Animal Defenders International


Animal Defenders International

The Primate Nations: Conclusions & Recommendations, page 1

Posted: 1 September 2006

There is no doubt primates suffer severely in research – it is the most brutal and systematic abuse that these highly developed relatives of human beings endure. That it is the domain of highly educated and wealthy western countries possibly makes it even less excusable than the person living in poverty and seemingly pressed by circumstances into hunting for bushmeat. It also makes control of the pet, entertainment, and bushmeat trades difficult if such a large industry remains sanctioned and protected from legislation that governs other sectors of society. The primate nations cannot sustain any increases in the primate laboratory trade. This, combined with the other threats to their very existence, could push these species into the abyss.

On the other hand, advanced and sophisticated modern technology can be employed to replace the use of primates in research and benefit humans too.


  • An end to the use of primates in laboratory research must become a legitimate goal of governments worldwide.
  • ADI therefore recommends an immediate moratorium on the import of primates for research, pending a full and open investigation of the use of primates in research and the alternative techniques available.
  • This review should involve all stakeholders in devising a strategy to replace the use of primates in research and testing at an early date.

    • Conditions should be attached to licences to use primates to the effect that applicants are obliged to contribute to an international database of primate research and testing.
    • This database should involve input from all stakeholders; non-governmental organisations, government agencies, pharmaceutical industry and others.

      • Pharmaceutical companies should be encouraged to share data on primate testing and the alternatives, perhaps by means of incentives.
      • The UK government should press for an international registration, microchipping and passport-style system of control over captive-bred primates, to ensure that animals do not continue to be taken from the wild.
      • Strict checks to be made of foreign primate suppliers and Home Office reports on visits to foreign suppliers should be published on the internet.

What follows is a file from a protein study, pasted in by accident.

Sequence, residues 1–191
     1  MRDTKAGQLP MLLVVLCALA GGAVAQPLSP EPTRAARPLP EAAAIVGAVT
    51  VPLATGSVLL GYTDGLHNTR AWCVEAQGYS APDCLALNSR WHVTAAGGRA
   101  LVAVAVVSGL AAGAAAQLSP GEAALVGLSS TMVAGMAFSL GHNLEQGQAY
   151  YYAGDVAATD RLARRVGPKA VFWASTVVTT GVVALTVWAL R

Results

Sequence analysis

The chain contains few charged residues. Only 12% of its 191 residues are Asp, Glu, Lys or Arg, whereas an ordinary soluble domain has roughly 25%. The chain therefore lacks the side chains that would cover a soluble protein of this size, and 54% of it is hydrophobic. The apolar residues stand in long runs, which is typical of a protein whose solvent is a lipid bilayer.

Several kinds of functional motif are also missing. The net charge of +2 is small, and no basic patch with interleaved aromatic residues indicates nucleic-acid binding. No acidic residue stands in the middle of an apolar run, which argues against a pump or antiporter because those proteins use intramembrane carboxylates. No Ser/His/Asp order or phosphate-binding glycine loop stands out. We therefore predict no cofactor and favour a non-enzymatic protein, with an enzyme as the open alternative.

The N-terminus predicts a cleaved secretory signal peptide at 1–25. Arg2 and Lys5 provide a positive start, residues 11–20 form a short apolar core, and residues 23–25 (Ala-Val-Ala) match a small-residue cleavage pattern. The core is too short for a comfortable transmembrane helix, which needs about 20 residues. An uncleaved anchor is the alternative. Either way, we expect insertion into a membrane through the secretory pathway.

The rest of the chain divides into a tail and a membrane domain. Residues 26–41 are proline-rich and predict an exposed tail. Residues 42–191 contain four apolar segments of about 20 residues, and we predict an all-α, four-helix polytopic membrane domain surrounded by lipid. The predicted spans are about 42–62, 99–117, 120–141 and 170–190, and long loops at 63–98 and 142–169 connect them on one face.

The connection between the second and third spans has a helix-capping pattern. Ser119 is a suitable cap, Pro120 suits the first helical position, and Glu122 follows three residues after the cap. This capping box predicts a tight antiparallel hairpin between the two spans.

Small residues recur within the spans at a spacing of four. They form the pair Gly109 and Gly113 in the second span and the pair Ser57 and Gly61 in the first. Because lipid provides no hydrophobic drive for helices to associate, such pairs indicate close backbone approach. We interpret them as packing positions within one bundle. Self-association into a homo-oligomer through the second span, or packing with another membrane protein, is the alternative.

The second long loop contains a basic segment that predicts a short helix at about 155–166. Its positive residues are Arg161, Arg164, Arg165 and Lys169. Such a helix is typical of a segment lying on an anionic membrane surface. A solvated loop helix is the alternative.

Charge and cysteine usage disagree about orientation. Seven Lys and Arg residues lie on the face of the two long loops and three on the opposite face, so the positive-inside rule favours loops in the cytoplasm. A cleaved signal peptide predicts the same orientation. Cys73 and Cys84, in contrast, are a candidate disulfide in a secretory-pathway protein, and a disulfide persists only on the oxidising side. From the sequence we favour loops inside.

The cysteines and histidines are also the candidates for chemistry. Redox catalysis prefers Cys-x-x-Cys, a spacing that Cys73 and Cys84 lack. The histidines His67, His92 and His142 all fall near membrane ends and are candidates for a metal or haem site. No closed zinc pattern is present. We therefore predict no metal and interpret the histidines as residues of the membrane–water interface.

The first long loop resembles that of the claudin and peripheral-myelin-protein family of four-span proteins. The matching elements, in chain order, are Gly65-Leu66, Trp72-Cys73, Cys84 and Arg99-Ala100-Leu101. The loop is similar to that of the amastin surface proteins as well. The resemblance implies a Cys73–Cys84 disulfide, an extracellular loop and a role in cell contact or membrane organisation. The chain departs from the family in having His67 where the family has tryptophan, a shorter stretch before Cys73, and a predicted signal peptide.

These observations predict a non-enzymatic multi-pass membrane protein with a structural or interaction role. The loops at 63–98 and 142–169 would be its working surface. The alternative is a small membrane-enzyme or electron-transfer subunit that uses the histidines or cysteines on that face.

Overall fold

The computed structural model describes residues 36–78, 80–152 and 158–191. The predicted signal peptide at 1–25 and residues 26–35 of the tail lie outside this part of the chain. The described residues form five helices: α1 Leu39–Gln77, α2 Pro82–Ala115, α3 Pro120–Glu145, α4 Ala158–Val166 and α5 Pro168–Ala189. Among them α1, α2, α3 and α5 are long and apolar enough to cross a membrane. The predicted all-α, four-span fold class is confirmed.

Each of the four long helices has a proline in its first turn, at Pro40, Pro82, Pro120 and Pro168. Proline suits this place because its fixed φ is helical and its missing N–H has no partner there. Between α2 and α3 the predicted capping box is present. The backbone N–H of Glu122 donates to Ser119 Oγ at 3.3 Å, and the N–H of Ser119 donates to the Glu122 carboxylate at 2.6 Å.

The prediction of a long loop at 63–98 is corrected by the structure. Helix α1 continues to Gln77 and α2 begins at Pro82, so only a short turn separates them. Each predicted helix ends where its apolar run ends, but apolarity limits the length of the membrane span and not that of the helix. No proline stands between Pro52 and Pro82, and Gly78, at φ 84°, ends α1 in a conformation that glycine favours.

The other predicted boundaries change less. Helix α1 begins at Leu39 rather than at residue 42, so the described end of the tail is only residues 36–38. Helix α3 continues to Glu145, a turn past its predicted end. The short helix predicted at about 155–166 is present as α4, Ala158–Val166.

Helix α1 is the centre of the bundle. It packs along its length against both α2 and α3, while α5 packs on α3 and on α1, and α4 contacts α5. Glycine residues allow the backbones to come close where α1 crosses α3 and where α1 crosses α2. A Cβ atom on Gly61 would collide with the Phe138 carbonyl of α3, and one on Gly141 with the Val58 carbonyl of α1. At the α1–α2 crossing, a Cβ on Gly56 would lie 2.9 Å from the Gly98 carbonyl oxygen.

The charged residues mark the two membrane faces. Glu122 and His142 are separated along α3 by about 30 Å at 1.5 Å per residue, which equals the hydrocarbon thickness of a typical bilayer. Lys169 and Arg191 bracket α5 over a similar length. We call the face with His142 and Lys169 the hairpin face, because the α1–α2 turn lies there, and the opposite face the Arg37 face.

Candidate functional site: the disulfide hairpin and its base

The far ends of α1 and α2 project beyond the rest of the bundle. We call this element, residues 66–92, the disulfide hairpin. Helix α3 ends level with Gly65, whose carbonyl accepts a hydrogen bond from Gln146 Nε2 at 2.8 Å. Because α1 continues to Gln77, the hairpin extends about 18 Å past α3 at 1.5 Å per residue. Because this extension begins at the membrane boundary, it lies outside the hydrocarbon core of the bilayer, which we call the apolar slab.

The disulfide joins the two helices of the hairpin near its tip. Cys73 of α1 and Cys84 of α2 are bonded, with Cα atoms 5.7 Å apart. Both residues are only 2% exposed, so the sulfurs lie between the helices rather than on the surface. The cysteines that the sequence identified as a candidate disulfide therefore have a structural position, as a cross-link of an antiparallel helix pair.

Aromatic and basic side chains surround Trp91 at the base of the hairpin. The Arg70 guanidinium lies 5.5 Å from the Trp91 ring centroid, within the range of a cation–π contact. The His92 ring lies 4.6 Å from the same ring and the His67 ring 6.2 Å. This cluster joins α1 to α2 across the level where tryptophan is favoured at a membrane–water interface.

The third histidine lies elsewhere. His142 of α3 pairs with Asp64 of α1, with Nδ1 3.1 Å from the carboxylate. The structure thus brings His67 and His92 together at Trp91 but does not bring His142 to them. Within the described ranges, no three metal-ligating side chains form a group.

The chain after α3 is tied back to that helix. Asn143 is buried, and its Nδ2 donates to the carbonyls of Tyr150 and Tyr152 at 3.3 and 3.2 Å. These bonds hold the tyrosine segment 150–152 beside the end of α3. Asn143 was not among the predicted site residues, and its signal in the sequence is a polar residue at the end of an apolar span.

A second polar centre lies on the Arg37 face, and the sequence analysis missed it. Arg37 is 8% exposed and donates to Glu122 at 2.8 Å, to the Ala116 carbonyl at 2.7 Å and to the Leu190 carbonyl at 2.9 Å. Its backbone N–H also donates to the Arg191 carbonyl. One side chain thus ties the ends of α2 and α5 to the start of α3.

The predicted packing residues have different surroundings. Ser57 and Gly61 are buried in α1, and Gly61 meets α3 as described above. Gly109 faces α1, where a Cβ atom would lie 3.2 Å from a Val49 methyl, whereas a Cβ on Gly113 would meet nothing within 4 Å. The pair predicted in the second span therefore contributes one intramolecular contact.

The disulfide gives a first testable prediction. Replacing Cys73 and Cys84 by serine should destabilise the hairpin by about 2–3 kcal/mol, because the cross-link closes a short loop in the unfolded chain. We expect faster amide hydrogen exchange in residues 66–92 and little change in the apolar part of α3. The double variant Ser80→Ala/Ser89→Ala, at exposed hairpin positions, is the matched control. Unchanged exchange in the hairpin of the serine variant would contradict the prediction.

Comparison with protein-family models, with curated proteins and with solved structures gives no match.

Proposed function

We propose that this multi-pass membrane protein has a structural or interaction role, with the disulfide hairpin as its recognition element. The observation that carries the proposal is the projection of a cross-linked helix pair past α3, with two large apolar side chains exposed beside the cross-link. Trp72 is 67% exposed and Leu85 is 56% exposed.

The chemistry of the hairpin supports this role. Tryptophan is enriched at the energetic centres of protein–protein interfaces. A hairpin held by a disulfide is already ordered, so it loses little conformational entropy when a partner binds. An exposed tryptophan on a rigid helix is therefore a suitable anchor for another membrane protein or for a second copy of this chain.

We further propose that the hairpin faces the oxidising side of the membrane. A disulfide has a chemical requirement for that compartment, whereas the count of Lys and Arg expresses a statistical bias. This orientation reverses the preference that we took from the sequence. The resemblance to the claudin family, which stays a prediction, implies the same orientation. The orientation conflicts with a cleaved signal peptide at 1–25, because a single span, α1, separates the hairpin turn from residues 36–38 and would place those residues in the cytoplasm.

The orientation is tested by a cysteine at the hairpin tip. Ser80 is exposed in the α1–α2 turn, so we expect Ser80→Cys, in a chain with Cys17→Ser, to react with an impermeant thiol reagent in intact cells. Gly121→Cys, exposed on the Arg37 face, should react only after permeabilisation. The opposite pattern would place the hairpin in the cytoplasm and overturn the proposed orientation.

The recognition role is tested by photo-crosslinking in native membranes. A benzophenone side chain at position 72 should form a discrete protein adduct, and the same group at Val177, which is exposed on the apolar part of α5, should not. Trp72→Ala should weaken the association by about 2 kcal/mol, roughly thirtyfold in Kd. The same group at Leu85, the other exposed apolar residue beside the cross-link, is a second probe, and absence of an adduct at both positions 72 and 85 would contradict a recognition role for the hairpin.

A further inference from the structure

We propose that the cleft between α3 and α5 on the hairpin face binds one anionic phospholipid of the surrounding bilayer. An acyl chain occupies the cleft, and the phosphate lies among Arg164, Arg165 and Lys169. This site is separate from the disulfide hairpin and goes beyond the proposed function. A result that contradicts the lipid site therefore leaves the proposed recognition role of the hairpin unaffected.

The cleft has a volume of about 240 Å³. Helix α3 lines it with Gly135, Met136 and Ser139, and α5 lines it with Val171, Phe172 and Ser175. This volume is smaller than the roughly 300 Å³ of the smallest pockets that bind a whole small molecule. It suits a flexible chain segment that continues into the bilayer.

• Under the European Commission’s review of EC Directive 86/609 on animal experiments, the EU has the opportunity to provide the engine for change, with the immediate prohibition of the use of Great apes in experiments and the use of wild-caught primates in the EU and phase out all non-human primate experiments in the EU over the next 6 years.

      Parliamentary Motions for International Primate Day 1st September 2006:

      European Parliament: MEPs David Martin, Vice-President of the European Parliament; Robert Evans; Paulo Casaca; Sajjad Karim and Carl Schlyter are sponsoring a Written Declaration:

      “The European Parliament – having regard to Rule 116 of its Rules of Procedure,
      A. considering Protocol No. 33 to the EC Treaty stating that, “the Community and the Member States shall pay full regard to the welfare requirements of animals” in formulating the Community’s research policy,
      B. noting the Berlin Declaration, signed by over 200 international animal protection organisations, scientists, public figures and parliamentarians calls for: “…an immediate, internationally co-ordinated effort to bring all non-human primate experiments to an end.”
      C. noting that primates have a high level of intelligence, being the closest relative to humans, with certain species such as chimpanzees sharing 98% of human DNA,
      D. noting that International Primate Day 2006 organised by Animal Defenders International is aimed at raising awareness worldwide about the hazards faced by non-human primates. The very existence of primates is being threatened by the bushmeat, laboratory, entertainment and pet trades,
      I. Urges the Commission to end non-human primate experiments in the revision process of Directive 86/609 EC on the use of animals in scientific procedures, specifically: to prohibit chimpanzee experiments and the use of wild-caught primates in the EU and phase out all non-human primate experiments in the EU over the next 6 years,
      II. Instructs its President to forward this declaration, together with the names of the signatories, to the Council, Commission and Member States.

      Next: Conclusions & recommendations, page 2


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